Bruins 22 Point Underdogs At #6 Stanford
WESTWOOD (AP) — UCLA coach Rick Neuheisel hopes a little momentum from the Bruins’ best performance of the season will help out in their most daunting matchup of the year.
UCLA (2-2, 1-0 Pac-12) visits No. 6 Stanford on Saturday night hoping to put up a fight against the mighty Cardinal, who have surged past the Bruins and the rest of the conference during an improbable rise from doormats to dominance.
Neuheisel once envisioned a similar path for the Bruins, who believe they’ve got similarly tough academic standards and cultural hurdles in Westwood.
Instead, the coach is simply happy his club got back to .500 with a gritty 27-19 road victory at Oregon State last weekend.
“I don’t think you can underestimate” the impact of UCLA’s win over the Beavers, Neuheisel said Monday.
“I know there are people who will say it wasn’t this and wasn’t that, but ultimately when you come away with a victory, you just feel like more is possible,” Neuheisel added. “Our guys are energized. They’re looking forward to this week of practice. There will be a bounce in their step. It doesn’t mean any extra points on Saturday, but you can feel good things are on the horizon.”
Neuheisel’s indefatigable optimism will be tested by a visit to Stanford, which beat the Bruins 35-0 last season in the Rose Bowl, an early-season defeat that cast a pall over the entire 4-8 campaign.
At least the Bruins are heading to The Farm coming off just their fourth win in their last 12 games. UCLA won its conference opener for the first time since 2007, taking an early 21-3 lead and holding off Oregon State’s late charge.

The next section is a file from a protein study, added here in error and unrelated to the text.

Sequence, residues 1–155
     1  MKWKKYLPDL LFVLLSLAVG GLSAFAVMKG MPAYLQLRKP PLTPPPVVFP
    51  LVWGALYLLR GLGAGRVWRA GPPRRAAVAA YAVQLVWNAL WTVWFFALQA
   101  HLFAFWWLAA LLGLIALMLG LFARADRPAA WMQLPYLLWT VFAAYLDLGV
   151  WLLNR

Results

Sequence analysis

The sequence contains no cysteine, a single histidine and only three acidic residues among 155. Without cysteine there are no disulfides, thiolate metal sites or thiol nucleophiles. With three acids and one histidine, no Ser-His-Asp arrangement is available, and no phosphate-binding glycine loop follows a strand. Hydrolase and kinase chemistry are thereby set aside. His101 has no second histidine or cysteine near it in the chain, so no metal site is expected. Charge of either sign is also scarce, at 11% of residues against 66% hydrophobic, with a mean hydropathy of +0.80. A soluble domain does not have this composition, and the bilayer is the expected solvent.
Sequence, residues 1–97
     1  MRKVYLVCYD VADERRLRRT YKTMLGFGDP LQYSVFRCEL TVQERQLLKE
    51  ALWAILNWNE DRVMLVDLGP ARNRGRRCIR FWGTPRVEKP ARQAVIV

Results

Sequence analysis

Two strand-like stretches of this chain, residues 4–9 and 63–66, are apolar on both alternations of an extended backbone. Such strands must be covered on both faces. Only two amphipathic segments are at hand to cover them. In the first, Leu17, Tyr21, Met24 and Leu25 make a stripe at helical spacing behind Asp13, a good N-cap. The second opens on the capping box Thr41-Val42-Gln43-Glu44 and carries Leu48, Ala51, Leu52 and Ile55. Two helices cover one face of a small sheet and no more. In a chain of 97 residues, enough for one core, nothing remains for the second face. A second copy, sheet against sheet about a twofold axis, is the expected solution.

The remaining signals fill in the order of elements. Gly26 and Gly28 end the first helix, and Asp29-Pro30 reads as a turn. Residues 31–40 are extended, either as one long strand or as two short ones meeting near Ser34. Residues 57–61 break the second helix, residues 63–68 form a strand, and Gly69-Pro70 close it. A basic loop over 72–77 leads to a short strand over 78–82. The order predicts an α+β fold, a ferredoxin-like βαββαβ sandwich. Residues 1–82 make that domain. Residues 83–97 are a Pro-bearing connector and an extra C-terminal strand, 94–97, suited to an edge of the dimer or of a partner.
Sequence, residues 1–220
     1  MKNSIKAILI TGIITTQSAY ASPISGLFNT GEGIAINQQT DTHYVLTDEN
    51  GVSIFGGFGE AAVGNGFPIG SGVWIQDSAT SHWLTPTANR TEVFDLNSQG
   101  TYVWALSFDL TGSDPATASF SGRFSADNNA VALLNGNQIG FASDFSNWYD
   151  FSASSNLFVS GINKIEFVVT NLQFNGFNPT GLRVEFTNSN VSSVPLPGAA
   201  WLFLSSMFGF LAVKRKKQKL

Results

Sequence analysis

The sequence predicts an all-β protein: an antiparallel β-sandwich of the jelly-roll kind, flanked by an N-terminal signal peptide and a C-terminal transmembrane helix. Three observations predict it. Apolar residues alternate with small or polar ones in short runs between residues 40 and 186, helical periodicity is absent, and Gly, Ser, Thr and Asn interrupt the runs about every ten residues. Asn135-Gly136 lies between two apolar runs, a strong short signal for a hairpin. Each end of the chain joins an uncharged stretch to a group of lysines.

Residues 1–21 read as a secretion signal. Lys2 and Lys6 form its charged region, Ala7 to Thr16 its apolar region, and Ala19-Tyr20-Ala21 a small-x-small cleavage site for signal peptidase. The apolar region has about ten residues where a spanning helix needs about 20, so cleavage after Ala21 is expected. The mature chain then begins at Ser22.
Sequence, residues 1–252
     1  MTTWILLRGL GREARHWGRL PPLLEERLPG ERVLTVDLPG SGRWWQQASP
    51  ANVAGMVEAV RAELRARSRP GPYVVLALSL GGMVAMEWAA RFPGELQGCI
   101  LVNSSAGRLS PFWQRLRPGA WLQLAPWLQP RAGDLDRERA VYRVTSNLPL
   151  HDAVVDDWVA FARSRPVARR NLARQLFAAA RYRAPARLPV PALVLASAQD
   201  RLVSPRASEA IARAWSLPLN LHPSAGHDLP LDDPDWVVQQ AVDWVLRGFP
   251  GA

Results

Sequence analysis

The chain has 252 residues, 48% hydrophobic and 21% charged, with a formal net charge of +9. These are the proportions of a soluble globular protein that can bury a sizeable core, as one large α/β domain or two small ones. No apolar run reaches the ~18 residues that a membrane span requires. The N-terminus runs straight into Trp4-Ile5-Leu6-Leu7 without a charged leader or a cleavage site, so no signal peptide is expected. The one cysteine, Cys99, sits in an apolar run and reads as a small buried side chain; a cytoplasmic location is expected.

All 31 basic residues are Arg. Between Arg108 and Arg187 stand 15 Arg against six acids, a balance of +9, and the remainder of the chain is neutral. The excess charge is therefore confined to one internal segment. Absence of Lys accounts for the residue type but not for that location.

Neuheisel credited the win to a strong running game, a solid defensive performance and the unflashy efficiency of quarterback Richard Brehaut, who will make his third start of the season against Stanford. Brehaut threw just 11 passes against the Beavers, but Neuheisel isn’t worried about the imbalance, noting UCLA managed more than 14 yards per pass attempt — a solid barometer of the passing game’s effectiveness.
“You see only 11 passes and you wonder if we’re throwing enough,” Neuheisel said. “But it comes down to your yards per attempt and your ability to counter your running game, and all those things were pretty good. Would I like to throw more? Absolutely, but everything in this game plan is based on situations, and as situations evolved in Saturday’s game, I thought it was prudent to do what we did.”
Stanford likely is the toughest matchup on UCLA’s schedule this season. The Bruins avoided Oregon in the Pac-12’s reconfigured schedule, and surging Washington also isn’t on the Bruins’ slate.
Neuheisel lavished praise on quarterback Andrew Luck, saying the Stanford junior is “unquestionably the best quarterback in the country.” Luck passed for just 151 yards and two scores against the Bruins last season in Stanford’s first win at the Rose Bowl since 1996.
The UCLA coach also knows all about Stanford’s coaching staff, and not just from the 35-point thrashing he endured last season. Neuheisel worked alongside new Stanford coach David Shaw in 2005 with the Baltimore Ravens, and he recruited against Shaw’s father, Willie, from 1989-91 while Neuheisel was a young UCLA assistant and Willie Shaw was Stanford’s defensive coordinator.
“I battled his father years ago when I first broke into this business, and now I’m battling his son,” Neuheisel said. “David has earned this opportunity, and I’m certainly pulling for him … but not this week.”